6 Journal of Composite Materials 0(0) components in the Voigt notation are now given by (from equation ()) p p where p ¼,,. From () and (), we have where p, q ¼,,, and C pq ¼ C 0 pq þcðþ pq c c 4 0 C 0 pq ¼ c Symm c E 0 0 x xy E0 y 0 xy 0 yx 0 xy 0 yx ¼ E 0 y 0 xy 0 yx 4 Symm 0 0 G 0 xy 7 5 ðþ ðþ ð4þ represents the orthotropic stiffness matrix for virgin composite material, where E 0 x, E0 y, 0 xy, G0 xy are effective moduli for the undamaged laminate (calculated using CLT), and c 5 D þ c D pq ¼ 4 c 7 D þ c 8 D c 4 D c D þ c D c D C ðþ 7 5 Symm c 9 D þ c 0 D ð5þ represents the stiffness change brought about by the damage entities for damage mode. For the special case of laminates with cracks in only 90 plies, we obtain ( ¼ 90 ) C ð90þ pq ¼ t c st 4 a a a 0 5 ðþ symm a wherea i, i ¼,..., 4 are material (laminate) constants to be determined from experimental or computational data on stiffness degradation. It can be observed that the orthotropic symmetry is retained by intralaminar cracking in crossply laminates. In the above relations, ð the constraint parameter ¼ u Þ t c where u and tc represent the COD averaged over the crack surfaces and the thickness of the cracked 90 layer, respectively. The engineering moduli for the cracked laminate can be obtained from the following relationships: E x ¼ C C C C E y ¼ C C C C xy ¼ C C G xy ¼ C Thus, for laminates with 90 ply cracks only, E 0 x E x ¼ 0 þ Da xy 0 yx E 0 y E y ¼ 0 þ Da xy 0 yx xy ¼ 0 xy E0 y 0 þ Da 4 xy 0 yx E 0 y 0 þ Da xy 0 yx G xy ¼ G 0 xy þ Da where " # 0 xy E0 y 0 þ Da 4 xy 0 yx E 0 y 0 þ Da xy 0 yx " # D ¼ t c st 0 xy E0 y 0 þ Da 4 xy 0 yx E 0 x 0 þ Da xy 0 yx ð7þ ð8þ ð9þ As seen from equation (8), the shear modulus is uncoupled from the other three moduli and thus can be treated independently. The four constants appearing in these relations are evaluated by using initial elastic properties and their values at one crack spacing. Thus, if the chosen crack spacing is s 0, then " # a ¼ E x E 0 x D 0 xy yx 0 xy 0 yx " # E 0 y a ¼ E y D 0 xy yx 0 xy 0 yx a ¼ h i G xy G D 0 xy 0 " # a 4 ¼ xy E y 0 xy E0 y D 0 xy yx 0 xy 0 yx with D 0 ¼ D s¼s0 ¼ t c s 0 t. ð0þ Downloaded from jcm.sagepub.com at UNIV TORONTO on January 5, 0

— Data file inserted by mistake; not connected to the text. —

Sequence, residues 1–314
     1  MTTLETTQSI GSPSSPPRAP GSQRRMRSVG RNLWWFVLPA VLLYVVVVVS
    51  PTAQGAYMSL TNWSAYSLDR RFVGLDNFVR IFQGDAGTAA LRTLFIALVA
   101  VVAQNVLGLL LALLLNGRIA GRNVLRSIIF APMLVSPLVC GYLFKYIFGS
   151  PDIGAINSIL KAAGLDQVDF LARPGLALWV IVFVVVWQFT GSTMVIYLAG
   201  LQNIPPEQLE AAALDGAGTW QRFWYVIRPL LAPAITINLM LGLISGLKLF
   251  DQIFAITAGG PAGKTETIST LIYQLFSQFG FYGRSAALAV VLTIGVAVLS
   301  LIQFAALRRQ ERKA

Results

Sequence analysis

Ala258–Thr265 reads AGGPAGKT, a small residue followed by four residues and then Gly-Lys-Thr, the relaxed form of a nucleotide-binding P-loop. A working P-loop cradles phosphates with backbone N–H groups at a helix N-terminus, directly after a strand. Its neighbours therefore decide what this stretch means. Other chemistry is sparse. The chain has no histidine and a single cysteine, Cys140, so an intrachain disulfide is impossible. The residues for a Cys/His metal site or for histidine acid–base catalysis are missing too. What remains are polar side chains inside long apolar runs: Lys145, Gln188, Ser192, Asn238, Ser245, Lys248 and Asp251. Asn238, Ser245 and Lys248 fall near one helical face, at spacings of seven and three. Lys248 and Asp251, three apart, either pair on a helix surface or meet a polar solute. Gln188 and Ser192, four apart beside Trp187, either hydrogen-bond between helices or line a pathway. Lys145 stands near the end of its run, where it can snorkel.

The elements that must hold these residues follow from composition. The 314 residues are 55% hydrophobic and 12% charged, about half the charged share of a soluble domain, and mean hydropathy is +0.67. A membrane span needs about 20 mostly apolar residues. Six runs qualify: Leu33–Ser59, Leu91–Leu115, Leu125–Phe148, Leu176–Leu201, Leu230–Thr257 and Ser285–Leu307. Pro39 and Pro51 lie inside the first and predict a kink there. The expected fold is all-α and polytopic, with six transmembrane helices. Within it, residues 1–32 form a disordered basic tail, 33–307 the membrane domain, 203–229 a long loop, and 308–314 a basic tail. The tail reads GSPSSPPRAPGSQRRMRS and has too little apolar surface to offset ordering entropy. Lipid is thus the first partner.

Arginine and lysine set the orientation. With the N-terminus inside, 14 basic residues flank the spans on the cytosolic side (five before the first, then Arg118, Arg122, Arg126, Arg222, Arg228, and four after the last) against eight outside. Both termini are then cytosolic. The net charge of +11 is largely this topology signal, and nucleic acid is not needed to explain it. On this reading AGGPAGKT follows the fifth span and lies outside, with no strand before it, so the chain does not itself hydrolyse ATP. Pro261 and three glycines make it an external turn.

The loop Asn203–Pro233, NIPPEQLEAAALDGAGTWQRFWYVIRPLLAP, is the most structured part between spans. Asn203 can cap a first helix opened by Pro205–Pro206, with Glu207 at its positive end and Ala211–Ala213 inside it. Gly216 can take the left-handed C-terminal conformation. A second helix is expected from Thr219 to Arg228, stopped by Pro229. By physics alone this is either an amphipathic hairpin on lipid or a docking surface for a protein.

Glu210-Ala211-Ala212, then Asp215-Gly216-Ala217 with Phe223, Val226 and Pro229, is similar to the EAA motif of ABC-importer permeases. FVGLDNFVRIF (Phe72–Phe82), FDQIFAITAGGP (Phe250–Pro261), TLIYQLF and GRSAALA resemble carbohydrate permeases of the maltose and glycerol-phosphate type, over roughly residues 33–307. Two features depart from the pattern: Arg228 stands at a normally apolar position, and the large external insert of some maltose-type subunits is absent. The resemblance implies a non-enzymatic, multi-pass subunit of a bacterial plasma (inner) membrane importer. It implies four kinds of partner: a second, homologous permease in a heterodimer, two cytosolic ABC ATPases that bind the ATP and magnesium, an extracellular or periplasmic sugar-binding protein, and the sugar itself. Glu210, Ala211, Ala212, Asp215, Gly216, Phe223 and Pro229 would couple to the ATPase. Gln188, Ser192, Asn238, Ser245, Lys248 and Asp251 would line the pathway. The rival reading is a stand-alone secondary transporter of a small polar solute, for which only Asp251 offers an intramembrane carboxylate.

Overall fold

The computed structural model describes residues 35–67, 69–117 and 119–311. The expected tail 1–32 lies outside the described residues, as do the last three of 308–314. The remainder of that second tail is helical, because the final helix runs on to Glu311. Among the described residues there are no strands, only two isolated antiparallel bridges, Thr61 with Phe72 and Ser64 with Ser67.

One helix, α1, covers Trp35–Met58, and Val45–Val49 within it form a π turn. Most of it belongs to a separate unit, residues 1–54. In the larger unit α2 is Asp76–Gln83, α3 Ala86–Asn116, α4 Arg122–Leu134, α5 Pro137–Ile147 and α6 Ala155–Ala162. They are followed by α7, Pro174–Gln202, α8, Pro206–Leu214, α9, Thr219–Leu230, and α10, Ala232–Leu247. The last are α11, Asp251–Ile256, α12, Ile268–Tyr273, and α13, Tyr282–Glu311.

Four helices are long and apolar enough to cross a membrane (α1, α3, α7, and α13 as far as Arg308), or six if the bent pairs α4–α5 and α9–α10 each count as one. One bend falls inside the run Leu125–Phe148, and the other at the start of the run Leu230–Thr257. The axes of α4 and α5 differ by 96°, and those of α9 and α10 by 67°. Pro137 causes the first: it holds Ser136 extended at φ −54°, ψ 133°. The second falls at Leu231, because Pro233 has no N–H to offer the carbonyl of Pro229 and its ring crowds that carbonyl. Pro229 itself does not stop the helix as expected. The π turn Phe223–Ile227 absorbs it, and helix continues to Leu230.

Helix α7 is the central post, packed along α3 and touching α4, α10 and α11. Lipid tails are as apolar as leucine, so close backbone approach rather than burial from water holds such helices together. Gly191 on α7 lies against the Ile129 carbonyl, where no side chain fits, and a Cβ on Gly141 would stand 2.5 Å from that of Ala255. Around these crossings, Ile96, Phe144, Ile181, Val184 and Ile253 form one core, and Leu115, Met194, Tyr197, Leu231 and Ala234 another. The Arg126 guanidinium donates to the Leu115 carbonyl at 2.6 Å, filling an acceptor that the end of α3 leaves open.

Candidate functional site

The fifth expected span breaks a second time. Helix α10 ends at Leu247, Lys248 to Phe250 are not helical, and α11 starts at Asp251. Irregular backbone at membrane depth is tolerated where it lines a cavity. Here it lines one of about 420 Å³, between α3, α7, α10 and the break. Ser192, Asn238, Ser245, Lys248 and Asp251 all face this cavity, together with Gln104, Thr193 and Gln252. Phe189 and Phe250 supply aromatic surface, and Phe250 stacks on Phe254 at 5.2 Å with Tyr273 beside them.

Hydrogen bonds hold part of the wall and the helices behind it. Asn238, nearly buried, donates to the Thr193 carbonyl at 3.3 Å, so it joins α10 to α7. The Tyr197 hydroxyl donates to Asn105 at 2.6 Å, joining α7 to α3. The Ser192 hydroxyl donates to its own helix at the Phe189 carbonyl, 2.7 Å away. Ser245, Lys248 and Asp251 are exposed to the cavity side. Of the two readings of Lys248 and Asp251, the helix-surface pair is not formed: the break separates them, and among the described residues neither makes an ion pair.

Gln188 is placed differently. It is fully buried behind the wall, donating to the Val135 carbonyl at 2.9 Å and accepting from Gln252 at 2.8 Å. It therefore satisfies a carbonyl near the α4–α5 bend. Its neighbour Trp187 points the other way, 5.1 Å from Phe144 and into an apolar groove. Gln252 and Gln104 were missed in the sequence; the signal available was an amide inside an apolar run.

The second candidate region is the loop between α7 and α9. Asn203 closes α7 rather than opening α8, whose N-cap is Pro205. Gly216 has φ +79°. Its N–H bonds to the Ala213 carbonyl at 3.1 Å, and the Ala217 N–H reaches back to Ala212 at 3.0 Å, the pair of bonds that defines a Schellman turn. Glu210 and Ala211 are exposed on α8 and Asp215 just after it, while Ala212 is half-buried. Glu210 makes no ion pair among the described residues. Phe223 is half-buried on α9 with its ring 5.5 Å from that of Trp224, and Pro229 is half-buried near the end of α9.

7 Singh and Talreja 7 Case : multiple damage modes. The details of damage modeling in multidirectional laminates with cracking in multiple offaxis plies are given in References [9 ] and reproduced in Appendix A for the sake of completeness. For the special case of [0 m / 90 r / n ] s and [0 m / n /90 r ] s laminates with intralaminar cracks in þ, and 90 layers, the stiffnessdamage relations are same as in equation (8) except that D is now given by 8 D ¼ t 0 t s n ð þ rþ 904nþr r 90 þ r 90 n j ¼90 s 90 ðþ with the following constraint parameters ¼ u 4n ; 904nþr ¼ u 90 4nþr ; 90 ¼ u 90 r 4nt 0 ð4n þ rþt 0 rt 0 ðþ for [0 m /90 r / n ] s laminates, and D ¼ 4t 0 t s n ð þ rþ 904nþr r 90 þ r 90 n j ¼90 s 90 ðþ with the following constraint parameters ¼ u n ; 904nþr ¼ u 90 4nþr ; 90 ¼ u 90 r nt 0 ð4n þ rþt 0 rt 0 ð4þ for [0 m / n /90 r ] s laminates, where t 0 is the thickness of a single ply, s n, and s90 are the normal crack spacings in and 90 plies, respectively. In expressions for the constraint parameters, the subscript denotes a particular damage mode (orientation of cracked plies) and subsubscript represents the number of cracked plies corresponding to that damage mode. The flow chart in Figure describes the procedure for multiscale synergistic methodology for multimode damage assessment taking an example of [0 m / n /90 r ] s laminates. Computational micromechanics involves analysis of a representative unit cell to determine the COD values and the constraint parameters. In a separate step, the material constants a i appearing in equations (8) and (0) are determined from experiments or numerical simulations carried for a reference laminate, specifically [0/90 ] s. These relations are then employed to predict stiffness degradation with constraint parameters and material constants obtained from experiments (or FE simulations) as inputs. In the final step, the overall structural behavior in response to external loading can be analyzed based on the degraded stiffness properties for the damaged laminate. A reference laminate in principle could be any crossply laminate of a chosen configuration. The procedure for predicting crackinginduced property changes for other crossply laminates is independent of this choice. The specific choice of [0/90 ] s laminate was made here as experimental data for this laminate was available from which the constrained parameter could be estimated. The procedure described above for determining elastic moduli changes in a laminate requires calculating CODs of ply cracks. However, the laminate elastic moduli can change additionally due to the nonlinear shear response of plies. In References [8,0] a procedure for correcting the CDM predictions by including this response was illustrated. Modeling of damage evolution For predicting evolution of ply cracking, the authors have developed an energybased approach, which is capable of dealing with cracking in offaxis plies of orthotropic laminates. In Reference [5], the approach is described and applied to several ply cracking cases. Here, we apply it to the relevant WWFEIII test cases. A brief description of the approach follows. As illustrated in Figure 4, two damage states are considered: State with N parallel offaxis cracks spaced at distance s, and State where the cracks have multiplied to N and attained spacing s/. The crack density is assumed to increase when the work required in going from State to State (which is the Figure 4. Progressive multiplication of intralaminar cracks in an offaxis ply. Downloaded from jcm.sagepub.com at UNIV TORONTO on January 5, 0